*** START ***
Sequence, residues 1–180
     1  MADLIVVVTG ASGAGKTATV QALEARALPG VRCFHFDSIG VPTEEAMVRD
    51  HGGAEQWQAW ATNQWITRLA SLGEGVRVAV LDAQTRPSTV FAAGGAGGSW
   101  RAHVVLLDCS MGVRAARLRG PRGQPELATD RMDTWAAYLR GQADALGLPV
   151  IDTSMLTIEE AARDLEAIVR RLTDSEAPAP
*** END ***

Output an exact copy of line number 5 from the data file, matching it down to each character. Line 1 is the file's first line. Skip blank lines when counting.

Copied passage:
   151  IDTSMLTIEE AARDLEAIVR RLTDSEAPAP